• nicole from Grumpy Rumblings presents Does unemployment hurt you on the job market?, and says, “Ever wonder if it’s true that employers prefer to hire currently employed people over the unemployed? Nicole and Maggie share the truth from a recent study and discuss how you can signal you’re productive if you’re looking for work after a jobloss.” In a tight market, the positioning that N&M recommend may be just the ticket to move your resume from the “no” pile.
  • Gary from Gajizmo.com presents Summer Jobs For College Students, and says, “Summer is here and college students may be worried that the economy won’t permit them to get jobs this summer. Fortunately, more than 19 million youths got summer jobs last year, and here is a great list of jobs for college students.” I hate to say “back when I was that age…”, when that was really only about 10-12 years ago, but I can’t help but think that when I see some of the estimates for babysitting pay. $15/hr? Really? I got $3/hr. Jeez. Now I’m going to go reminisce about $0.29 stamps.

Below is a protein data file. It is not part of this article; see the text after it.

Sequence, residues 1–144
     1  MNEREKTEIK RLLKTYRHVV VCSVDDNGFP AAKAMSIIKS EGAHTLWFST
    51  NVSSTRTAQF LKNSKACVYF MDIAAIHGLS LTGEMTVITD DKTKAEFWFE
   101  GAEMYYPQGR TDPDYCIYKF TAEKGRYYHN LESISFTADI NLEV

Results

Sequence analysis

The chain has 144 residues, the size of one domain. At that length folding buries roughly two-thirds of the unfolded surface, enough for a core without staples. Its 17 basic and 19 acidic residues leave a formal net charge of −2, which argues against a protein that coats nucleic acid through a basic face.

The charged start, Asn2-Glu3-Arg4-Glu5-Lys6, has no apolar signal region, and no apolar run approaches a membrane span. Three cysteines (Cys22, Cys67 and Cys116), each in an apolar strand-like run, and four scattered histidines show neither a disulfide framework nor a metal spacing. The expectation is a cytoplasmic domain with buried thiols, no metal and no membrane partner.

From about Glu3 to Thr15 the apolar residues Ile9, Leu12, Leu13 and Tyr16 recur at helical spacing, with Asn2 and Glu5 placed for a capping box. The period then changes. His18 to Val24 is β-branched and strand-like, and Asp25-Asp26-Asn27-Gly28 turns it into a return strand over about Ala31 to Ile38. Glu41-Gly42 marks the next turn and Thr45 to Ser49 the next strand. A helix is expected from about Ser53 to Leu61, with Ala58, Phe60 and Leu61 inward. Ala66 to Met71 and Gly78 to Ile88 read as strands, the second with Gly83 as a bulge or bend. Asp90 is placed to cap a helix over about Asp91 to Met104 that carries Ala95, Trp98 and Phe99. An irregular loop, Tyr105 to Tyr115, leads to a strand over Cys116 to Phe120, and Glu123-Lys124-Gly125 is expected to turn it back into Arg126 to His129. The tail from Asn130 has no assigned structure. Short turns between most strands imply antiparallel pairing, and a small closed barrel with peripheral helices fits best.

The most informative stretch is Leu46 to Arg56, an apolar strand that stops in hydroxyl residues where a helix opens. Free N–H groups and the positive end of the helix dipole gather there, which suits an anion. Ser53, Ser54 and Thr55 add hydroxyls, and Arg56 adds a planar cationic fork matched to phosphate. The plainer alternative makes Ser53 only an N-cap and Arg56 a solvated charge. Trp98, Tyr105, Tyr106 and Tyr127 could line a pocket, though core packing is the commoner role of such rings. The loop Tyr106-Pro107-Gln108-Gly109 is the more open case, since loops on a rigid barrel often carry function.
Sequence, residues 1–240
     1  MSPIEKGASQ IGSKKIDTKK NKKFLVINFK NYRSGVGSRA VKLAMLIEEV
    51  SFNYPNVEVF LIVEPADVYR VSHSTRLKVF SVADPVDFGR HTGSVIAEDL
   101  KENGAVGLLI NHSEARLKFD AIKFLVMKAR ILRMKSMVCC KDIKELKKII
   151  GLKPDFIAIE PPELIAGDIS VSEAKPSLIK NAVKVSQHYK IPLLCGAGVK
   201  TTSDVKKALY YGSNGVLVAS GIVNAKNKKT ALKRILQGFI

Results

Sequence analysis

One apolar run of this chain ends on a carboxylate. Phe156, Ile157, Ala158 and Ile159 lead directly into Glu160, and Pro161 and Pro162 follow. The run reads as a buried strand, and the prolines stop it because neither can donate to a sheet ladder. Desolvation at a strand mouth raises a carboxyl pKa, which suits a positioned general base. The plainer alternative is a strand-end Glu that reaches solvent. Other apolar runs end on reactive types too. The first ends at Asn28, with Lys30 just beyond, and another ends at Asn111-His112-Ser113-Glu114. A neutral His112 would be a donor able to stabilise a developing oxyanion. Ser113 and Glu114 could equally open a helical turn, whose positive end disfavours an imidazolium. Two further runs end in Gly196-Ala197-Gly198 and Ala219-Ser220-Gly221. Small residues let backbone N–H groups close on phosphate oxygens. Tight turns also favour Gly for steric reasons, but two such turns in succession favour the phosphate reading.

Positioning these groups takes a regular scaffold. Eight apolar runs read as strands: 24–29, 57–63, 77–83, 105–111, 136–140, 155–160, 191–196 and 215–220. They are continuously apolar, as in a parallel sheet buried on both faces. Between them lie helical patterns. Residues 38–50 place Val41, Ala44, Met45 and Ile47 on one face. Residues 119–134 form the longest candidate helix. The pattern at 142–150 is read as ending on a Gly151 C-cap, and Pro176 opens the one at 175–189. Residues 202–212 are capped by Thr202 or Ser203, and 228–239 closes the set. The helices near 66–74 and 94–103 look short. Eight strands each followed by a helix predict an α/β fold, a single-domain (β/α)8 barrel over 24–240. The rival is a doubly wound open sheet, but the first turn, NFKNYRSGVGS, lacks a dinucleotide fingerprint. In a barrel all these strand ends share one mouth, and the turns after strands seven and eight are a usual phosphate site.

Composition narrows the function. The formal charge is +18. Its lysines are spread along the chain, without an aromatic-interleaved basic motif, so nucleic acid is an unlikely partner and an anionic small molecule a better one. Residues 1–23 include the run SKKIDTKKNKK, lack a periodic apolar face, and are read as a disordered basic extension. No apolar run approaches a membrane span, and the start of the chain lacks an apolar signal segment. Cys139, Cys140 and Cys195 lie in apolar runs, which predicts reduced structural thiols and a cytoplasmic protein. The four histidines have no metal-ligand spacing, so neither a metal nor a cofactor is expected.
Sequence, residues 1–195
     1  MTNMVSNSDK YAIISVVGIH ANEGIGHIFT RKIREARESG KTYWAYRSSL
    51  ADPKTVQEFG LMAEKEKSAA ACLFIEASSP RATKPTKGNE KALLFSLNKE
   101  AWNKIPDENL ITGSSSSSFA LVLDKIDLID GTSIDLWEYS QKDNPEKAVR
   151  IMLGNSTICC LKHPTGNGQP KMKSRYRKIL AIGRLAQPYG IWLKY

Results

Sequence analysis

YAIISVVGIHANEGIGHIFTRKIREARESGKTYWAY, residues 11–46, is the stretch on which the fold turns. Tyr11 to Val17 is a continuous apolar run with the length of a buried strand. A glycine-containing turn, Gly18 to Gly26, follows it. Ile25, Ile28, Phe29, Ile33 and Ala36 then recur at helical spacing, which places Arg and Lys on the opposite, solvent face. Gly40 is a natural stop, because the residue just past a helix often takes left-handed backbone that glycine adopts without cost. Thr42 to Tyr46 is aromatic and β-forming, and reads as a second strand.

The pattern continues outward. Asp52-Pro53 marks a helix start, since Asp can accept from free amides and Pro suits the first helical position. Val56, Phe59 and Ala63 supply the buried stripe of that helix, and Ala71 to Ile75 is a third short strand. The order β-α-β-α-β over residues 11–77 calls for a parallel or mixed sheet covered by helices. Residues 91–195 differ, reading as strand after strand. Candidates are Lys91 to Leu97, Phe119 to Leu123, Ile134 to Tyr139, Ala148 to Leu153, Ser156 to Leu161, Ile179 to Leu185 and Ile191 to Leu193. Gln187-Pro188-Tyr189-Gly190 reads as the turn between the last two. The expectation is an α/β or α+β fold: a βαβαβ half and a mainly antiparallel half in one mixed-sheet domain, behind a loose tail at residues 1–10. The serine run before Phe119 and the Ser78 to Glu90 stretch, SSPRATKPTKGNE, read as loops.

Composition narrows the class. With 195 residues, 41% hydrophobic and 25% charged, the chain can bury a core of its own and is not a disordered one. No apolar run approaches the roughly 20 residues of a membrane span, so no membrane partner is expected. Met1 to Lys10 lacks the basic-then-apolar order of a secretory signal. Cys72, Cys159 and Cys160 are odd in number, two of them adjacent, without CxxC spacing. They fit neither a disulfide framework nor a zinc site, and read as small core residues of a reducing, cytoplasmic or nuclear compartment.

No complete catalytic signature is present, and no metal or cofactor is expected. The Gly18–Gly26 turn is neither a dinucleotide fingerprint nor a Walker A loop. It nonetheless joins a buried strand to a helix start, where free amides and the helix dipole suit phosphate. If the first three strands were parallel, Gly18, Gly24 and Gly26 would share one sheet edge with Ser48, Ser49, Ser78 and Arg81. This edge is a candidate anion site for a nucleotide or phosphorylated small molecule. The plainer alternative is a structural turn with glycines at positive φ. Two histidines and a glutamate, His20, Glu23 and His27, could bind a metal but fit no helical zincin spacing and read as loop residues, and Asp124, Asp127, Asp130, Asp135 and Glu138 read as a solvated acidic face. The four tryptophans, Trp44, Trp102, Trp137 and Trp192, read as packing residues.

And as an honorable mention because he managed to guess this week’s theme before it was even decided, we have…

  • John from Card Hub with Why Should You Care About Your Credit Standing? To Get a Job, For One Thing. “While everyone is probably more concerned with whipping their bodies into shape for beach season, it’s important to not forget about our credit scores as well. In addition to the interest rates you’ll get on loans and lines of credit, your credit impacts the insurance premiums you pay, your ability to lease a car or rent an apartment, and even the jobs for which you’ll gain serious consideration.”

20130602-180307.jpg

Your home is your castle, though perhaps not in this case.

Real Estate

  • Peter from Bible Money Matters presents The Great Big List of Things to Do When Getting Ready to Sell Your House, and says, “Selling your home can be quite the undertaking, but if you put in the time, do your research and do what it takes to make the sale, you could end up with thousands more in your pocket because of your hard work.”